The reactions to Chauvin’s guilty verdict—the ex-Minneapolis police officer was convicted of second-degree murder, third-degree murder and manslaughter for the killing of George Floyd—are complex, and at times may even feel a little counterintuitive.
The National Fraternal Order of Police lauded the decision, which will likely mean decades behind bars for an ex-cop, while the NAACP took a somber tone as it called for further action to improve race relations in the U.S.
“While justice landed Derek Chauvin behind bars for murdering George Floyd, no amount of justice will bring Gianna’s father back. The same way a reasonable police officer would never suffocate an unarmed man to death, a reasonable justice system would recognize its roots in white supremacy and end qualified immunity,” Derrick Johnson, CEO and President of the NAACP, said in a statement. “Police are here to protect, not lynch. We will not rest until all in our community have the right to breathe.”
The Fraternal Order of Police, on the other hand, expressed satisfaction with the outcome, saying “our system of justice has worked as it should.”
“The trial was fair and due process was served. We hope and expect that all of our fellow citizens will respect the rule of law and remain peaceful tonight and in the days to come,” reads a statement from the labor organization.
"Attorney General Merrick Garland is expected to announce that the Justice Department is opening a sweeping investigation into policing practices in Minneapolis after the guilty verdict in George Floyd’s death.
The American Bar Association landed somewhere in the middle, saying that “a single verdict is neither an indictment of all law enforcement nor a solution to the systemic inequities in our justice system.”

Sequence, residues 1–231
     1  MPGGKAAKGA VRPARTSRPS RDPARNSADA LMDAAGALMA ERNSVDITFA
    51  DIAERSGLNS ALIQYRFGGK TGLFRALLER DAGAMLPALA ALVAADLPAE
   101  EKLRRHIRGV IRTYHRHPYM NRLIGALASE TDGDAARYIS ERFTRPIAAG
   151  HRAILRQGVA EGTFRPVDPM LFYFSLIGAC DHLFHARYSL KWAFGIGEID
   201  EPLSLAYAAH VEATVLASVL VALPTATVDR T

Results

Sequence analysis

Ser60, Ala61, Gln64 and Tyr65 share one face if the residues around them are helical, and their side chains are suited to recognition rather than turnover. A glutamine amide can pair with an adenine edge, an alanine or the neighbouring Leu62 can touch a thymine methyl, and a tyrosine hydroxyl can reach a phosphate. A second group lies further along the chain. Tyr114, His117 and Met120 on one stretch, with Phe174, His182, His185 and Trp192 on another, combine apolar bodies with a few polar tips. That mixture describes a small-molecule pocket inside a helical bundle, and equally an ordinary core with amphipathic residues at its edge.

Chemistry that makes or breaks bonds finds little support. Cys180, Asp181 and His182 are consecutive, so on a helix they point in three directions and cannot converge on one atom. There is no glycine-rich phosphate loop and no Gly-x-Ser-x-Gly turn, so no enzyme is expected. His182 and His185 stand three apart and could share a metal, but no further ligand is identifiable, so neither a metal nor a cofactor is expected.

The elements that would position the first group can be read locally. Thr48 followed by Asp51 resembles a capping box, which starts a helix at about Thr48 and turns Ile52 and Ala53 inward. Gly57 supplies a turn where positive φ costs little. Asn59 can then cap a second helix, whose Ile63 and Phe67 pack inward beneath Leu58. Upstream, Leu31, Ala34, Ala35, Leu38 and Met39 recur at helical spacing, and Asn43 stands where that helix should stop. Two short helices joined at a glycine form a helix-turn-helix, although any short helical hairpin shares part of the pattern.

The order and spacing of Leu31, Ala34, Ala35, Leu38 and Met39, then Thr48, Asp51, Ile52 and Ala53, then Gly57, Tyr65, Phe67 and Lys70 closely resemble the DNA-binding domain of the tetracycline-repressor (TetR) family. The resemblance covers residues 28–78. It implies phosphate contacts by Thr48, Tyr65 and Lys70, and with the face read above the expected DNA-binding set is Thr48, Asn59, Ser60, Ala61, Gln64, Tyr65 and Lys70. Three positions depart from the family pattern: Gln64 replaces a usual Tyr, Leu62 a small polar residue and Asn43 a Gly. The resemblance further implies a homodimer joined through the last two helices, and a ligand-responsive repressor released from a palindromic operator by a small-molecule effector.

“Our society relies on the rule of law and the principle that laws must be applied and enforced fairly and without bias. A verdict may bring some justice, but it does not return George Floyd to his family,” ABA President Patricia Lee Refo said in a statement. “While we have made great progress, the nation still must address the injustices, violence and racism that exist in our legal system that disproportionately and negatively affect people of color.”
Race relations in the U.S. has been in the spotlight recently as elected officials, advocates and law enforcement agencies have grappled with ways to improve police-community relations in the wake of several high-profile incidents.
President Joe Biden, who called the killing a “murder in the full light of day,” said he is asking the Justice Department to do just that. To that end, Biden said he has appointed leadership in the Justice Department that is committed to the idea of restoring trust between communities and the law enforcement agencies that serve those communities.
“[Floyd’s murder] …ripped the blinders off for the whole world to see the systemic racism… that is a stain [on] our nation’s soul; the knee on the neck of justice for Black Americans; the profound fear and trauma, the pain, the exhaustion that Black and brown Americans experience every single day,” Biden said.
Biden announced two new Department of Justice nominees, Vanita Gupta and Kristen Clarke, who he described as “eminently qualified, highly respected lawyers who have spent their entire careers fighting to advance racial equity and justice.”
Floyd’s case was originally filed in Hennepin County District Court last year on May 29.